Story and Photos by Anthony Marino
I started photographing life at Autumn’s Harvest Farms in Romulus five years ago. Like many people, I had never been around a working farm; let alone walking among cows, pigs, and chickens. I got my photos from pointing my camera through stable gates, out my car window, and between fence posts.
What I noticed first was how quiet life is in the fields, but I was also very aware of the sheer power of the animals. They are raised on pastures that have been modeled after the works of Joel Salatin and Allan Savory. Salatin’s sustainable grassland farming methods first came to prominence in 2006 in the groundbreaking bestseller, The Omnivore’s Dilemma by Michael Pollan. Savory, a Zimbabwean ecologist, livestock farmer, and environmentalist believes that keeping livestock moving in bunches can help heal the environment.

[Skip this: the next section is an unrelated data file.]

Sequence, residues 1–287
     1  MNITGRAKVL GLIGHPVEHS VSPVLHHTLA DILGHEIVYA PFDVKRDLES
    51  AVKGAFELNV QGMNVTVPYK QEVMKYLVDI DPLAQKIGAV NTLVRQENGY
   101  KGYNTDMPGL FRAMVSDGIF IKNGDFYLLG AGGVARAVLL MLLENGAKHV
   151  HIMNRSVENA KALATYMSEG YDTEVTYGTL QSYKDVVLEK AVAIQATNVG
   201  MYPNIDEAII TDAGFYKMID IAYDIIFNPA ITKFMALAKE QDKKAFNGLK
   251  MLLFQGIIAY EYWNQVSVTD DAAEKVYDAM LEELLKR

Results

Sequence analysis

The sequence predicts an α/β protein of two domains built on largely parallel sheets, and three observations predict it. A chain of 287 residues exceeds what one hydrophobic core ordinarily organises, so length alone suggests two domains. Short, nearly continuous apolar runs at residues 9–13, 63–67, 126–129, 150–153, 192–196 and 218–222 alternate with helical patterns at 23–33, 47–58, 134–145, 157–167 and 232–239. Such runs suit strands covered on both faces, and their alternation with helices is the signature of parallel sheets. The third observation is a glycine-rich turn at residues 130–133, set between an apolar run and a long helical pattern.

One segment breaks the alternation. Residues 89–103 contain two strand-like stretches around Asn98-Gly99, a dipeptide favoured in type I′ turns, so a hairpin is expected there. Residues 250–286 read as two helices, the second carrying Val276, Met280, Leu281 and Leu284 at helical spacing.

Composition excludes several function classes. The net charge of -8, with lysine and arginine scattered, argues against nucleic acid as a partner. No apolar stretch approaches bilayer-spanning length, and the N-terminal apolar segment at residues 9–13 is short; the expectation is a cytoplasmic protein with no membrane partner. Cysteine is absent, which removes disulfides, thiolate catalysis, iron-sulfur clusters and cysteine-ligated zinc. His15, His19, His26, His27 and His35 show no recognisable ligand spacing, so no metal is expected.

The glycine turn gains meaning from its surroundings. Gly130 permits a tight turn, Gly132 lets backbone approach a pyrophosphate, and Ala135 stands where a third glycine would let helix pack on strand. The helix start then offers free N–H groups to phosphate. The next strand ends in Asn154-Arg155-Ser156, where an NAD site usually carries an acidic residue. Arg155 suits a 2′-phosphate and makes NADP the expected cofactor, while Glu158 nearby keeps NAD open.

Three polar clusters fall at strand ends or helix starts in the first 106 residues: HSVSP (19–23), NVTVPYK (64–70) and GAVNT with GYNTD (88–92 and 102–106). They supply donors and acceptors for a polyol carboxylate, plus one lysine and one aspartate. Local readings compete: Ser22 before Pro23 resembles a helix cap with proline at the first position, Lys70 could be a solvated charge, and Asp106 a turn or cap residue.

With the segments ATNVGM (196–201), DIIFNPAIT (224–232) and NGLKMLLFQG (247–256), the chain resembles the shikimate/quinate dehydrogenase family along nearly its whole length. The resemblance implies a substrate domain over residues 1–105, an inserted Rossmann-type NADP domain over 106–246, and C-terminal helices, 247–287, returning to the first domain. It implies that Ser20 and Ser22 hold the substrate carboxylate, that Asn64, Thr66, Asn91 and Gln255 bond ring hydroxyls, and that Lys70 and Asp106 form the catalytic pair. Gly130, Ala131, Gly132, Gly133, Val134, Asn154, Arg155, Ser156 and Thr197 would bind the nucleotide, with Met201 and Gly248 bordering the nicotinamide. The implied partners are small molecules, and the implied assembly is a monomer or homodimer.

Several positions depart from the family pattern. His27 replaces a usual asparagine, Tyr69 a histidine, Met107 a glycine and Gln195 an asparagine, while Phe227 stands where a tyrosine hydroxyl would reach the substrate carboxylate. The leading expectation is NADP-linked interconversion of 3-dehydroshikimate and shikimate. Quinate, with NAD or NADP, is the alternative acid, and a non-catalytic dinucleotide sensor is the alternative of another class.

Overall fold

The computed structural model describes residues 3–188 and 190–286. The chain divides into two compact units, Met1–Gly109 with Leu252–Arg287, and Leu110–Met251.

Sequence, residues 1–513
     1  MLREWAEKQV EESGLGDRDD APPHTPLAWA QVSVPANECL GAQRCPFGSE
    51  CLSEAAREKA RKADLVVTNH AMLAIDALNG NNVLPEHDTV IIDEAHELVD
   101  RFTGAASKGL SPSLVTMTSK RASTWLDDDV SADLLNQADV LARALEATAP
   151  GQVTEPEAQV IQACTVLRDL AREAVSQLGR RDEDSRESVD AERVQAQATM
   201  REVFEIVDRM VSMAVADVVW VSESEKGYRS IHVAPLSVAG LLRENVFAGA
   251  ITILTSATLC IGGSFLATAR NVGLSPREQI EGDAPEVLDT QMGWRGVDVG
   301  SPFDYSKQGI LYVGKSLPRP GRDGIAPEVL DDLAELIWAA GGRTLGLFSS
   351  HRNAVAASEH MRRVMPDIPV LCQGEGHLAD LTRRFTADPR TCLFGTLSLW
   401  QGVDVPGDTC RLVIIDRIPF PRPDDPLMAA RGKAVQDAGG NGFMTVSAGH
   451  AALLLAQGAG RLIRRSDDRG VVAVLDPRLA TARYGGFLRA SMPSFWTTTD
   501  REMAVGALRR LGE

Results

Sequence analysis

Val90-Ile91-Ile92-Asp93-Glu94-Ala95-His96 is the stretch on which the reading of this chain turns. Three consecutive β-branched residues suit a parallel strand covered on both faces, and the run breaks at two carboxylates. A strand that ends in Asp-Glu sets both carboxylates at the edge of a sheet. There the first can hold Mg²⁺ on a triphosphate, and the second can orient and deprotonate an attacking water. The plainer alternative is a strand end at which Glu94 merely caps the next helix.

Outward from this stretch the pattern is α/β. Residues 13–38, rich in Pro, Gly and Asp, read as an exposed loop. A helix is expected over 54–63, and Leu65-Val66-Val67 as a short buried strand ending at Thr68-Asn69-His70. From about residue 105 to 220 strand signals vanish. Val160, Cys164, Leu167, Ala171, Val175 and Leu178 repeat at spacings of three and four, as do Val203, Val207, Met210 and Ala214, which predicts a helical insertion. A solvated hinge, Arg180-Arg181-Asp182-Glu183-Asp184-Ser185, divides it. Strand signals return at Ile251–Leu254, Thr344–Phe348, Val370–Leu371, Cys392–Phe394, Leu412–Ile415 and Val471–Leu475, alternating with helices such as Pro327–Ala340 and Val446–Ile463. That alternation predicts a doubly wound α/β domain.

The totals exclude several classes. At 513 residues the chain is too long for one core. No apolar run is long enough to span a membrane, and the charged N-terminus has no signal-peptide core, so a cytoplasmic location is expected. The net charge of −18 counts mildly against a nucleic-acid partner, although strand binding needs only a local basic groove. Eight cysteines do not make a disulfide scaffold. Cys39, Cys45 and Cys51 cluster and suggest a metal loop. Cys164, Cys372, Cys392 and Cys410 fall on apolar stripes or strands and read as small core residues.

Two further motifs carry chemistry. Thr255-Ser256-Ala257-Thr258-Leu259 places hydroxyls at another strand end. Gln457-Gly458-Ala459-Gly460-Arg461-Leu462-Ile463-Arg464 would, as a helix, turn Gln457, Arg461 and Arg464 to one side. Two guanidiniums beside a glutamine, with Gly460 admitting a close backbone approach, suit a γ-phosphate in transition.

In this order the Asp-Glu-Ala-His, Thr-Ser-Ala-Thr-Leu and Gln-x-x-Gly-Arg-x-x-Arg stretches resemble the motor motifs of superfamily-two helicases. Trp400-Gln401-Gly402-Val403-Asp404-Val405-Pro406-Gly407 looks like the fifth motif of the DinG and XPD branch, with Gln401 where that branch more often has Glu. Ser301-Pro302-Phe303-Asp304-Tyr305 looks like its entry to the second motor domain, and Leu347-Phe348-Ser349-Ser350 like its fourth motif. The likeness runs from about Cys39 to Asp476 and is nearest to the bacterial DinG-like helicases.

Farm owners Tim and Sarah Haws believe that regenerative farming is truly the most responsible way to raise cattle and other livestock. The animals work the soil the way nature intended. Their herd of American Murray Grey cows is a unique breed and is, in fact, the largest of its kind in the nation. They are short, extremely docile, and have been a pleasure to work with. Their temperament made me feel at ease when I finally got into the fields with them. Being out on the pastures with the herd is the only way to photograph them, I realized. Long gone are the days of sitting in my car, hoping for a perfect shot.
Salatin has said, “Too often, parents whose children express an interest in farming squelch it because they envision dirt, dust, poverty, and hermit living, but great stories come out of great farming.” Taking photos of cattle at Autumn’s Harvest Farm, has given me many stories to tell my daughters, and has given them a few of their own. Farming is about family, it’s about the animals, and it’s about the community. I’ve been truly lucky to have had the opportunity to capture these moments and share my stories.